Nashville, TN (TN Tribune) — Stand Up Nashville and The Equity Alliance will hold a press conference Monday to pose questions and concerns about the impact Oracle will have on Nashville.

Oracle Corporation recently requested a public hearing for approval of an Economic Impact Plan with the Metro Industrial Development Board (IDB). Approval from the IDB and Metro Council is needed to finalize Oracle’s proposal to bring 8,500 jobs and a $1.2 billion investment to Nashville. The 8,500 new jobs are reported to have an average salary of $110,000.

Community activists are raising concerns about the impact Oracle will have on Nashville’s Black community.

As part of the deal, Oracle is asking Metro Nashville to reimburse them for 50% of their $175 million investment in public infrastructure by foregoing paying property taxes for the next 25 years. The deal also includes bringing 8,500 jobs – the largest deal in Nashville’s history.

“City officials are touting this move as a huge win, but for whom? Usually by the time we get answers, the deal is already done,” according to a joint statement by Stand Up Nashville and The Equity Alliance.

The organizations say the Industrial Development Board – a citizen-run Metro board – is slated to vote on the deal Tuesday, April 27 without the public ever weighing in on it.

“Why do we as a city continue to make deals behind closed doors without the most important stakeholders in the room: the community. We continue to roll out the red carpet but ignore the real impacts that these massive deals have on our neighbors, on housing and gentrification, on traffic and infrastructure, and on jobs and economic mobility for the people who already call Nashville home,” according to the statement. “We as a city have an opportunity and an obligation to do business differently.”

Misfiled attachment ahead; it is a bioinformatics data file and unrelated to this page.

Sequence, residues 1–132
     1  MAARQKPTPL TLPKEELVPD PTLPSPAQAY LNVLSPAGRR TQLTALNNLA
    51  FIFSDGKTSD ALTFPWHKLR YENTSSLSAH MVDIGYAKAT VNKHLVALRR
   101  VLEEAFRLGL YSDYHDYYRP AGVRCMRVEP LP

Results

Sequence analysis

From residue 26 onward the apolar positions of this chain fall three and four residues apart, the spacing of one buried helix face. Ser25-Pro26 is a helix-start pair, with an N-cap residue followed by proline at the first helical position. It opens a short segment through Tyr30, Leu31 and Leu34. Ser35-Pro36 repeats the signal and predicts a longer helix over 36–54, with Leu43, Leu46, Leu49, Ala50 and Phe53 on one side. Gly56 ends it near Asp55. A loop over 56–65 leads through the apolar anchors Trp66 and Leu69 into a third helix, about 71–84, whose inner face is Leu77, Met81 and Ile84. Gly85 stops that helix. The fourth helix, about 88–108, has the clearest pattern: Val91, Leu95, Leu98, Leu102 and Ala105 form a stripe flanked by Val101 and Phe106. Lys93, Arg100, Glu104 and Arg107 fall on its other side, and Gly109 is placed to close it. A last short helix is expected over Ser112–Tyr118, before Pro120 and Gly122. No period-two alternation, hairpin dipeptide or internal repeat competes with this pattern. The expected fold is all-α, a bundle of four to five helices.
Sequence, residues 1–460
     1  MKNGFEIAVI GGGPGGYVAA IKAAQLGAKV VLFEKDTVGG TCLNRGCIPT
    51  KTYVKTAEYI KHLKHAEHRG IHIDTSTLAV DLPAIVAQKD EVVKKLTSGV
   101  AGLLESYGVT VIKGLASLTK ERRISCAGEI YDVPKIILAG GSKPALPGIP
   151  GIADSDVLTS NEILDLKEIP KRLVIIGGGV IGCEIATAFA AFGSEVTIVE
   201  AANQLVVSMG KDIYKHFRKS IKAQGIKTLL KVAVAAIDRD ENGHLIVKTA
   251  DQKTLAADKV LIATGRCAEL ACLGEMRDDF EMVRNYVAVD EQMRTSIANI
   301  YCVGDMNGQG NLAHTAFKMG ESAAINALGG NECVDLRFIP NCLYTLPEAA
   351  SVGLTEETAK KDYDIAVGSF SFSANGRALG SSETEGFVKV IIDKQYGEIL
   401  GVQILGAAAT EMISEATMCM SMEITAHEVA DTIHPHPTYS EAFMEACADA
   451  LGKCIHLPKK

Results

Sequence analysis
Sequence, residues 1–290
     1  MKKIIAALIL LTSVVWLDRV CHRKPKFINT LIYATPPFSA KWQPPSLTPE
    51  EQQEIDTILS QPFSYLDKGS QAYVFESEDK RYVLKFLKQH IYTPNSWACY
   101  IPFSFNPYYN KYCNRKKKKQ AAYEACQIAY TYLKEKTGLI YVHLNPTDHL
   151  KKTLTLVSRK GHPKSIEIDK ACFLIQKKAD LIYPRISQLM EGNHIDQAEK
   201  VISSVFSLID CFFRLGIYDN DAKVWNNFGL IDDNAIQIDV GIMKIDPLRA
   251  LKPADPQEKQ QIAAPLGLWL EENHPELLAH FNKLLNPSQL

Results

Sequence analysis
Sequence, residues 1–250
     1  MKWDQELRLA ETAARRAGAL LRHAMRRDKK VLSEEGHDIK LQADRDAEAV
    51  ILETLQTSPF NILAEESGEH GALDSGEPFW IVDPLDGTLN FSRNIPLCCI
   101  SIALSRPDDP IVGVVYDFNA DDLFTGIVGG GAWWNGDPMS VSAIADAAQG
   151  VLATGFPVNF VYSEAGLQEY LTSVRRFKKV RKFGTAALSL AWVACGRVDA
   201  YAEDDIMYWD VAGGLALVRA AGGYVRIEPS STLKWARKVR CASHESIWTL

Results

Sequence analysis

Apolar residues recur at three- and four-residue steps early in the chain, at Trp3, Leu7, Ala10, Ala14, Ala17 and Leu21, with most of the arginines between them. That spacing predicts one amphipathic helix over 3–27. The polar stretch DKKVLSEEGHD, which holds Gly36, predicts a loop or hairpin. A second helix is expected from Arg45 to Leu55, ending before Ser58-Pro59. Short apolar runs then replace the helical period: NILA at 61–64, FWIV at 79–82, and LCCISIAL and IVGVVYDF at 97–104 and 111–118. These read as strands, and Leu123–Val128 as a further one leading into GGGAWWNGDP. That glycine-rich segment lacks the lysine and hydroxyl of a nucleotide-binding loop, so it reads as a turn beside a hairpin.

The groups are calling for a deal that involves transparency, accountability, long-lasting public investments, racial equity, and community engagement.

“Nashville doesn’t need Oracle. What Nashville needs is affordable housing. What Nashville needs is adequately funded public schools. What Nashville needs is a minimum living wage ($18/hour) for jobs that don’t require a degree or specialized training. What Nashville needs is for you to care about the person beside you, the person barely holding it together, the family whose home will be gentrified when 8,500 people making over six figures decide they want to live closer to work,” according to a joint statement by Stand Up Nashville and The Equity Alliance.

The groups say Black people in this city more than any other demographic have felt the negative impact of what deals like the Oracle proposal can bring to working class communities.

“What the community needs is more Black-owned businesses, homeownership, and pathways out for poverty,” according to the statement. “If we raise the expectations, these companies will meet it. Companies having the opportunity to move to Nashville is a privilege, not a favor. Stand Up Nashville and The Equity Alliance are holding this city accountable for conducting business in a way that looks out for the “least of these” as an obligation, not a choice.

Stand Up Nashville Executive Director Odessa Kelly and The Equity Alliance Executive Director Charlane Oliver, along with clergy, and elected officials are scheduled to speak at Monday’s press conference.

Kelly is a candidate for Congress running against longtime U.S. Rep. Jim Cooper (D-Nashville). Stand Up Nashville is a community engagement and social justice nonprofit organization she co-founded.